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multicultural neighborhood. I think of my Bantu f lag—yes, I do have one. I ’d taken it with me when I left the country. That was a long time ago. I ’d put it on top of my things. Then I closed the suitcase. I did it with a feel ing of pride I sti l l remember today. The pride of an emissary given the honor of representing his country abroad. But since then, that sense of pride has dwindled. My f lag now sleeps in some rat hole or other. Why didn’t I ever hang my f lag in my window l ike the others? Was I not proud enough? Could it be that I ’m ashamed to say where I ’m from? Visitors to the vi l la my former employer and compatriot from Bantuland bought himsel f in the countryside near Geneva are greeted by the Swiss f lag and the Geneva city f lag right at the front gate. You don’t get anymore Genevan than that. A feel ing of gui lt washes over me. To escape it, I think of Ruedi . I imagine he must be smoking on the terrace of a bar perched high above his val ley. I think of Kosambela who, at this hour, must sti l l be in some federal prayer group. I think of the inevitable mi l itary parades that display our pride in the Bantu f irst of August. There aren’t just soldiers, pol ice off icers and f iremen in that parade: schoolchi ldren, col lege students, and our multiple pol itical parties also take part. The only ones missing are the ambulance drivers. It ’s not that they decide to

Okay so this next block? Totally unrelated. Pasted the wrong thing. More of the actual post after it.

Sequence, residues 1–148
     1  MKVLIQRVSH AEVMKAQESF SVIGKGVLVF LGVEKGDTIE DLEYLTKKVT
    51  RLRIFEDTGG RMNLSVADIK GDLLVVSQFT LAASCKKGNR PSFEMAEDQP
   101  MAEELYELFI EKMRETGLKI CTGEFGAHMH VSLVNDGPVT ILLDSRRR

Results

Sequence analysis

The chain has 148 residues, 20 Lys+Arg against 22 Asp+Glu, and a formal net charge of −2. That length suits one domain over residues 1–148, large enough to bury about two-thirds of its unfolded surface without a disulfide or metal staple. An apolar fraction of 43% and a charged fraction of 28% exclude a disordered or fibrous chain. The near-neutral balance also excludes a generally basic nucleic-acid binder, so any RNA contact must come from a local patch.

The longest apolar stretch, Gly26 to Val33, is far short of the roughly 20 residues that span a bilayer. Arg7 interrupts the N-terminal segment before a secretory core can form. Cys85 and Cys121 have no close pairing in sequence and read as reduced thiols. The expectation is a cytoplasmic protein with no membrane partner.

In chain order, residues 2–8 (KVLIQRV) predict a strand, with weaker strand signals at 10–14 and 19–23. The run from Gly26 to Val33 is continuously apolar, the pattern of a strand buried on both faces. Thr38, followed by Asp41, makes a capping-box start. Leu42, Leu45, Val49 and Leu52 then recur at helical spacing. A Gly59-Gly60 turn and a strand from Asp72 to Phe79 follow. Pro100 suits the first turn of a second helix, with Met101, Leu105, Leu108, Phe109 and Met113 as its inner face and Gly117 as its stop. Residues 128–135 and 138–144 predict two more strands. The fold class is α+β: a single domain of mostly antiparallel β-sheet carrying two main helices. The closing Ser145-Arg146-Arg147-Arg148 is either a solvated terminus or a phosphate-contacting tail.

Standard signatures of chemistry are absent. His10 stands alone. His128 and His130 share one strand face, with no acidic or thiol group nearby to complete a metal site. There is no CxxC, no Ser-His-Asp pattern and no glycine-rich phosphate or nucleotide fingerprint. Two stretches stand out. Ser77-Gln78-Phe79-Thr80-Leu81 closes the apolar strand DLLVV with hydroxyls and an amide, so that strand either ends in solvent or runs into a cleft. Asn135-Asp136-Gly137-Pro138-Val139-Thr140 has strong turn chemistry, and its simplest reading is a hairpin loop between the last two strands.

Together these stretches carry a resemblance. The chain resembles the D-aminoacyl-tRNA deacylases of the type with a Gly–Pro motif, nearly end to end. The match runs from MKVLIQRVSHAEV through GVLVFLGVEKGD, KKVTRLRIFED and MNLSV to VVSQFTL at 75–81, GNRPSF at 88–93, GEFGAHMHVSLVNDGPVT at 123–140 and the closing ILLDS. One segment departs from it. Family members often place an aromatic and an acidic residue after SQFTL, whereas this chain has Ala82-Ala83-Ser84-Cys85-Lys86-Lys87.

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boycott the f irst of August parade, it ’s that there’s no such service in Bantuland. It no longer exists. Sti l l standing at the window in my room, my face caressed by the soft, cool breeze from Lake Geneva, I think of the rainy season in Bantuland, a complete contrast to the dog days raging here. A rainy season that brings an army of battle-hardened mosquitos, armed to the teeth, ready to bleed you dry. Memories of the mosquitos buzz in my mind. I remember Kosambela who, as a chi ld, told me to watch out for the mosquitos in Bantuland because, according to her, they ’re no ordinary mosquitos. They ’re magic mosquitos, she declared rather gravely. She would tel l me that even bug spray couldn’t ki l l them because they put gas masks on before coming to suck your blood whi le you sleep. Black sheep, I ’d reply, trying to mimic our father ’s authoritarian tone. Kosambela was convinced that the only way to get rid of Bantuland mosquitos was to attack them head on with a hammer or, even better, a rake. When I think of these moments from our chi ldhood, I can’t help but smi le. I call Ruedi. —Well, did you eat something else?, I ask him. —Stuff on the grill. Lots of stuff on the grill. And you? —You know. The same old thing.